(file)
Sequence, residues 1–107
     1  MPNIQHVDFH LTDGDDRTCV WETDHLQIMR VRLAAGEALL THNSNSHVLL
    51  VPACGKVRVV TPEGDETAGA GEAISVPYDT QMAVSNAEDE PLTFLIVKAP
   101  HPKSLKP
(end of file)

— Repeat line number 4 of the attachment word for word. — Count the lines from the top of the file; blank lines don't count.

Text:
   101  HPKSLKP